U.S. Pipe

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The United States Pipe and Foundry Company LLC is the largest American manufacturer of ductile iron pipes and fittings for the utility and industrial market. The company is a subsidiary of Forterra of Houston, Texas. It operates a Bessemer Pipe Plant as well as manufacturing facilities in Chattanooga, Tennessee; Burlington, New Jersey; and Union City, California from its headquarters office in the Chase Corporate Center in Riverchase.


U.S. Pipe was formed in 1899 as the United States Cast Iron Pipe and Foundry Company out of the merger of 12 companies and 14 plants located in 8 states, including the south's first pit cast plant built in 1882 in Chattanooga (formerly the David Giles Company). The "Cast Iron" portion of the name was dropped in 1929. The headquarters of the new company was located at the Burlington, New Jersey plant.

Operations at all U.S. Pipe plants used the pit cast method until 1921. At that time U.S. Pipe purchased the rights to a new casting process from a Brazilian named Dimitri Sensaud deLavaud. This centrifugal cast process (the deLavaud process) would revolutionize the pipe industry and place U.S. Pipe squarley in the lead as the major pipe manufacturer in the world. The first plant to use the new process was the North Birmingham Plant. With the first technology for mass production of iron pipe, U.S. Pipe negotiated profitable licensing arrangements with other pipe manufacturers such as American Cast Iron Pipe Company (ACIPCO), Kubota of Japan, and Buderus of Germany.

During World War II the factory was re-tooled in order to supply artillery shells and other armaments to the U. S. Military.

In 1952 U.S. Pipe purchased the Sloss-Sheffield Steel & Iron Company. A year later, the combined company relocated its headquarters from Burlington, New Jersey to new offices at 3300 1st Avenue North in Birmingham.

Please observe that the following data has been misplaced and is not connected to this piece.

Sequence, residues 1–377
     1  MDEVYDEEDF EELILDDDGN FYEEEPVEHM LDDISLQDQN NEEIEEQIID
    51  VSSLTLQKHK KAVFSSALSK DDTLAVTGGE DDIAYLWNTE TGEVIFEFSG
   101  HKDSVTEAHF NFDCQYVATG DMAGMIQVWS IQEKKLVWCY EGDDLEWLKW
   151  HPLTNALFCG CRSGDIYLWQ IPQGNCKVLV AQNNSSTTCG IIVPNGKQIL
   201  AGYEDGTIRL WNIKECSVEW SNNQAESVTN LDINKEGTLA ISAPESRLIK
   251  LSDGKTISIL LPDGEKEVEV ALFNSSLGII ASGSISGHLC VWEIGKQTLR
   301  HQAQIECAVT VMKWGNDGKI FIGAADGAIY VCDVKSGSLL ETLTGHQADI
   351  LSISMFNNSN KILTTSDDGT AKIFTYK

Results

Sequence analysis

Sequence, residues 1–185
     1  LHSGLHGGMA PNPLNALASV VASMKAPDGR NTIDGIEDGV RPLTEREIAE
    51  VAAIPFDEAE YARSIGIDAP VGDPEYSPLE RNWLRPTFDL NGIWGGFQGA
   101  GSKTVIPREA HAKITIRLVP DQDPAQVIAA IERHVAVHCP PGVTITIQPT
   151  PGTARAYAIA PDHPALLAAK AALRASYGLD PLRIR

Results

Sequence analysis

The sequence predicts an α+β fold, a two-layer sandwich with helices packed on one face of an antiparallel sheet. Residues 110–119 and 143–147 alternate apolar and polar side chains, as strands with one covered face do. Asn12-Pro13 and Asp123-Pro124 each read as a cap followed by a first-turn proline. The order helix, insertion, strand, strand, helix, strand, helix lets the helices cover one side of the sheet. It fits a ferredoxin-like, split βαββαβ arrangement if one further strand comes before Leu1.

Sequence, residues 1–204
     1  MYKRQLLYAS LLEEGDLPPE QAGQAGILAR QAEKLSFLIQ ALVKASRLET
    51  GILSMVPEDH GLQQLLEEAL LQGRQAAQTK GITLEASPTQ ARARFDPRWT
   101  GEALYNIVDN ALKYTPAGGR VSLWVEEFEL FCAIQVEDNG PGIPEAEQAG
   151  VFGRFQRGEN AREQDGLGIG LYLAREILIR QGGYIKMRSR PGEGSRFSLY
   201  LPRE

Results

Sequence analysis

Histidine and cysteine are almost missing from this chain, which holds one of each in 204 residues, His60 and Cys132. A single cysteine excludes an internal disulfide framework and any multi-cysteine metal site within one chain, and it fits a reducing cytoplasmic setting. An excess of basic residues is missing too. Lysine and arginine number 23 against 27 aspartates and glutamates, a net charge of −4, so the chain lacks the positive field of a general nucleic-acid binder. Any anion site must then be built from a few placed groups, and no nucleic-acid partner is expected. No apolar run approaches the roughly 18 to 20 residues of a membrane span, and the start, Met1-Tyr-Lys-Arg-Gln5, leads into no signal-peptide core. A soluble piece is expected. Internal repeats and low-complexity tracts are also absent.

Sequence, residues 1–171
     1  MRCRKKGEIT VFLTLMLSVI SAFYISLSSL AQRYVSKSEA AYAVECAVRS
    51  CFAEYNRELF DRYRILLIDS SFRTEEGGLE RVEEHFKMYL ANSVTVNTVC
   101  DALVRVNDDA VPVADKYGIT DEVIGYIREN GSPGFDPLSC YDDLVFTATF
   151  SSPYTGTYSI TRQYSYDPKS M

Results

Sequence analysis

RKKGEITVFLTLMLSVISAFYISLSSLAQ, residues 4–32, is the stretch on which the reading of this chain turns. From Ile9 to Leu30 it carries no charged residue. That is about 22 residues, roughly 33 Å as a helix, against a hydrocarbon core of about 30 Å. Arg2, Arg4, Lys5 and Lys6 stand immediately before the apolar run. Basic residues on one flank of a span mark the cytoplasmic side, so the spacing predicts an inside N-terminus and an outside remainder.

In the 1960s financier Harry Figgie initiated a hostile takeover of U. S. Pipe. Tampa, Florida-based Jim Walter Corporation submitted a friendly counter-offer and folded U. S. Pipe into its industrial holdings (known since 1988 as Walter Industries) in 1969. In 1971 to company closed down Sloss Furnaces and donated the plant to Birmingham for use as a museum of industry. Walter Industries was bought by Kohlberg Kravis Roberts and Company (KKR) in 1991, leaving only the Walter Energy division as a stand-alone company.

In 2004 the company settled a lawsuit alleging racial discrimination against black employees. Two years later it changed some workplace policies after protest from the United Steelworkers, which represents the factory's work force.

In 2005 Walter Industries acquired Mueller Water Products for $1.9 billion and moved U. S. Pipe under that division. Walter spun off the Mueller Water Products division as a separate publicly-held company in December 2006. That same year U. S. Pipe announced plans to construct a new $45 million automated pipe plant, adjacent to its Bessemer plant. The City of Birmingham and Jefferson County pledged to support construction of the new plant with public incentives.

In March 2010 the company ceased operations at its North Birmingham plant (the former Dimmick Pipe Company), which it had operated since 1911. WynnChurch Capital acquired the company from Mueller in March 2012. The company sold its former headquarters building on 1st Avenue North that year and relocated to Hoover in 2013.

U.S. Pipe was acquired by Wynnchurch Capital of Chicago, Illinois before being sold to Forterra.

Sloss Furnaces
Events Magic City Brewfest · Preserve Jazz Festival · Sloss Fright Furnace · Stokin' the Fire BBQ Festival
Exhibits Engine No. 4018 · Sloss Quarters
Owners Sloss Furnace Company · Sloss Iron & Steel Company · Sloss-Sheffield Steel & Iron Company · U.S. Pipe · Jim Walter Corporation
People Joseph Johnston · Theophilus Jowers (The Ghost in Sloss Furnaces) · Hugh Morrow · James Sloss
Programs Sloss Metal Arts · Sloss Performing Arts Program


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